Home > Endgame, Other MMOs > Perfect Dead Calm or How SW:TOR Lost Its Locusts

Perfect Dead Calm or How SW:TOR Lost Its Locusts

May 11, 2012

As most observers know, SW:TOR received a few body blows last week in the arena of public perception. Chief among them, the reported loss of nearly a quarter of its subscriptions over approximately three months – or two weeks, if one is playful enough to fit a line to the XFire graph, according to which the game will be in the negative (subscribing to players, presumably) by August. However, even dispensing with such statistical silliness, it is clear that the best case scenario is beyond our grasp.

What could such a scenario have looked like? A perfect storm of WoW fatigue, an alluring mainstream-culture IP, the use of immersive storylines (Bioware is still best in business at this, after all) to charm people into staying for a compelling endgame, siphoning off a chunk of devotees from the industry leader and bringing in significant numbers of MMO first-timers.

Common wisdom holds that SW:TOR capitalised on WoW fatigue insufficiently, simply because its core gameplay is insufficiently distinct from WoW. I am not so sure. While even I would not argue that it is anything but similar, the differences – higher skillcap, greater challenge in questing and in flashpoints, a purer, less gimmicky approach reminiscent of TBC, which many people missed fondly – were not brought adequately to the attention of the average WoW migrant. Meanwhile, TOR’s small but grating technical missteps – dodgy ability feedback and keystroke queueing, early UI inflexibility and annoying bugs, a byzantine Galactic Market interface, Ilum and PvP entry thresholds, guild bank support, difficulty of forming flashpoint groups outside of fleet stations – wore away at the migrant’s game sessions. It pains me to concede this next point, but perhaps a few of the small quality of life conveniences, which I scoff at as coddling, may have been a good idea from the get-go: things like earlier sprint and permission to drive through orbital stations. Perhaps some form of automatic public groups for heroic areas. Tempora mutantur; the theme-park player is spoiled.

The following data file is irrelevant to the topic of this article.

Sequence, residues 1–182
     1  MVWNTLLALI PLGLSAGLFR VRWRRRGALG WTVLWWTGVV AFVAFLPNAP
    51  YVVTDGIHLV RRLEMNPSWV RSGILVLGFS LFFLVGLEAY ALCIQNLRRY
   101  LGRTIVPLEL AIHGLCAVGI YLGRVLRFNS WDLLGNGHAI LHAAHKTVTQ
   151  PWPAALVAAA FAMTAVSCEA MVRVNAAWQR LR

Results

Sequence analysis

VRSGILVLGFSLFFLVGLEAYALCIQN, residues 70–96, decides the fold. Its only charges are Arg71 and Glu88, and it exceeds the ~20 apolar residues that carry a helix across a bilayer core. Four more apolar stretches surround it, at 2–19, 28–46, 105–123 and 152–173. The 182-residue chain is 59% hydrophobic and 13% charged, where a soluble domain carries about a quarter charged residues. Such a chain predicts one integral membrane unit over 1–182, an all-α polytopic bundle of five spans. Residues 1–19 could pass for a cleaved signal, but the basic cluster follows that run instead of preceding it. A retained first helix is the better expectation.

Star Wars was an important element, obviously. I do not think that anything here was done poorly, but it might have helped if the game were released at some point when enthusiasm for that universe were at a more fevered pitch. Nor can one fairly impugn Bioware’s excellent writing and handling of the IP. Which leaves the alleged weakness of the endgame.

Here, again, I am not so sure. I have to disagree fundamentally with the idea, advanced by a luminary of no lesser stature than Dr Richard Bartle, that the game is crippled by the disconnect between story-driven questing and same old boring raids at level cap. First off, PvP notwithstanding, killing bosses is what one inevitably ends up doing in a theme-park MMO. That is not a bad thing or something to be reimagined to succeed. While window dressing can vary and interesting boss mechanics are interesting, the primary source of satisfaction is found in Ernest Renan’s lovely line about what binds a nation together: avoir fait de grandes choses ensemble, vouloir en faire encore. The opportunity to overcome a setpiece, authoritatively-imposed challenge alongside one’s friends, without the burden of inventing one for oneself, is the theme-park’s great strength, not a weakness. The good doctor’s prescription of ‘more story extension, less endgame’ is a symptomatic treatment at best. Instead, I would suggest more variety, branching and story in raids: leveraging TOR’s unique pleasure of making ethical choices alongside and in view of others as part of endgame content.